When Nancy Davis started taking a certification class in Web design last year, she wasn’t thinking about becoming part of a growing trend. She was thinking about making a career change from landscape design into something more exciting and rewarding.
Davis, now 30, took the certification course through the Boston University Corporate Education Center (BUCEC) rather than through a commercial training centre because she thought she would learn better in a course taught during a period of several months rather than one that lasted just a few weeks. Doing so made Davis part of a movement that finds more colleges and universities globally offering IT vendor and professional certification classes that have been largely the province of commercial training centres.
Davis finished the class in May 2000 and started work soon after with EG&G Technical Services, an IT contractor with various companies and governmental agencies, which has currently contracted Davis as a Web designer and analyst to the John A. Volpe National Transportation Systems Center in Cambridge, Mass.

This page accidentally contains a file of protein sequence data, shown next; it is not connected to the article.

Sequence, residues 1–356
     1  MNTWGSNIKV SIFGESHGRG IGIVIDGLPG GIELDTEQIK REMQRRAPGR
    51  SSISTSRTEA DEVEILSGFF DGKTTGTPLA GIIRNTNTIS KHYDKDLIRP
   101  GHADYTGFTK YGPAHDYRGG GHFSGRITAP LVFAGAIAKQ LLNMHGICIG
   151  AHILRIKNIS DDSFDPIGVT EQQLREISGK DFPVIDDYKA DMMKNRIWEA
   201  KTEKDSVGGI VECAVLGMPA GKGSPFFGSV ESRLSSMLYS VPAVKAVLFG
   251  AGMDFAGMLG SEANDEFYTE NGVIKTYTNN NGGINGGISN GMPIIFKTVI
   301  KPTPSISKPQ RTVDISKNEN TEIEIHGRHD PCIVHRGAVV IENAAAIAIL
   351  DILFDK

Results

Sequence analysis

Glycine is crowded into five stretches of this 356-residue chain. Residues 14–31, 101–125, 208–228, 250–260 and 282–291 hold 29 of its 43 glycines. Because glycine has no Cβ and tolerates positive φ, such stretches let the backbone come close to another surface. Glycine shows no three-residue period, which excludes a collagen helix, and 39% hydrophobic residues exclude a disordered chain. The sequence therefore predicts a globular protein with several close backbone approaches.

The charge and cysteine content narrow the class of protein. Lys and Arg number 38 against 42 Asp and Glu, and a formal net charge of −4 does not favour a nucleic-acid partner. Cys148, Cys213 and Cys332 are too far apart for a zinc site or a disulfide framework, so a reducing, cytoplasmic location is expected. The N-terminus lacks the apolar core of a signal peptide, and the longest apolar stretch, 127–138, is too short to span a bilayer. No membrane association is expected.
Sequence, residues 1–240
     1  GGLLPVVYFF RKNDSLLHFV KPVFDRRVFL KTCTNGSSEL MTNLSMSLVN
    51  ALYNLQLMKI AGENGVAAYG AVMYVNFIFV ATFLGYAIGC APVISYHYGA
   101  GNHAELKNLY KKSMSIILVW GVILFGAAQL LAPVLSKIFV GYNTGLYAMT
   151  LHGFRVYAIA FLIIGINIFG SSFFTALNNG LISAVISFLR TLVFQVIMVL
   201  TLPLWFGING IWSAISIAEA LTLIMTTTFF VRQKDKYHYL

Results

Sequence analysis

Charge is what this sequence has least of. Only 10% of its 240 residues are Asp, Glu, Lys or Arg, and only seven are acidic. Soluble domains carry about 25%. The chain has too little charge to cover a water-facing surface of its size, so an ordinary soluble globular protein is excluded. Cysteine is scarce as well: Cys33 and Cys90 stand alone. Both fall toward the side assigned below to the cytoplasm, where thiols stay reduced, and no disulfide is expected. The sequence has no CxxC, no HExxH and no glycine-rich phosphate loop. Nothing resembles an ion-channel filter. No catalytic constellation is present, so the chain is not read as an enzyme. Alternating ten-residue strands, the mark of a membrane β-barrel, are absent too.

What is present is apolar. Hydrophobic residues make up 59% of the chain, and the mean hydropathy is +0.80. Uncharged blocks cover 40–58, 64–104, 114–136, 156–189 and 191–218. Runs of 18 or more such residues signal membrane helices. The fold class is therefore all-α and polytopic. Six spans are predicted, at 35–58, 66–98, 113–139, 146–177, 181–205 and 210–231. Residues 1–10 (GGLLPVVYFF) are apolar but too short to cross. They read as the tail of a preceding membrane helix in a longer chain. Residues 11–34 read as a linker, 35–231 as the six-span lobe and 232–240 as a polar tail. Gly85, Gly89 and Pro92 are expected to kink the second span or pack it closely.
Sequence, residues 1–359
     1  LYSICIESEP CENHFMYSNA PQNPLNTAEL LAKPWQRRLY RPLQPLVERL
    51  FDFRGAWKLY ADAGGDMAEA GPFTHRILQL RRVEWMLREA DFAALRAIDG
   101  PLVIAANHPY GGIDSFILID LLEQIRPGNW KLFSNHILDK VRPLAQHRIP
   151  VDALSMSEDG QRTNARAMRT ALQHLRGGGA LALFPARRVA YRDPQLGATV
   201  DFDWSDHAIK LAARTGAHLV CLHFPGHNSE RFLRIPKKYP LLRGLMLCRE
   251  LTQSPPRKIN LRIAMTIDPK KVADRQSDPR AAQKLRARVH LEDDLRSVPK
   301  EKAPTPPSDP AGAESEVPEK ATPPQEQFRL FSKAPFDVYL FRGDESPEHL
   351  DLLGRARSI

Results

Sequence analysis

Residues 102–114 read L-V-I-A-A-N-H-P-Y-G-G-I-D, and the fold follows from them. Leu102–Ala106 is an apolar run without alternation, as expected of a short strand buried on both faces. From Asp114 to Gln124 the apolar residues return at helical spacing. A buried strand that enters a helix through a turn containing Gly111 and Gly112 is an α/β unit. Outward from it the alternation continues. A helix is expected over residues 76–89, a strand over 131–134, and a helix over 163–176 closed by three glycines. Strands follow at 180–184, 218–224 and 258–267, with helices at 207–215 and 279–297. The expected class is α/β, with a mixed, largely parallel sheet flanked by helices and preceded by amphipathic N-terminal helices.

Although the freshly certified Davis was hired before the economy went sour and news of IT layoffs became commonplace, the downturn has affected workers and trainers. Even so, executives at the Computer Technology Training Industry Association (CompTIA) aren’t worried.
“I don’t know of many engineers and programmers who have lost their jobs,” says Rachel Cheeseman, CompTIA’s vice-president of IT training. Based in Lombard, Ill., CompTIA develops vendor-neutral standards in e-commerce, customer service, work force development, and training certification.
The economic slide has led to a noticeable dip in the number of students taking IT vendor certifications, says Lutz Ziob, CompTIA’s vice-president of certification. But he expects that to change, whichever way the economy turns.
Employees who want to advance their skills to get a new or better job often are not willing to fork over the thousands of dollars it can cost to take a vendor certification course when the economy is in doldrums, experts say. Likewise, IT vendor certification tends to be one of the initial areas cut by companies at such times.
Even with a slower job market, IT newbies such as Davis can get jobs, bolstered by the presence of IT certification on a r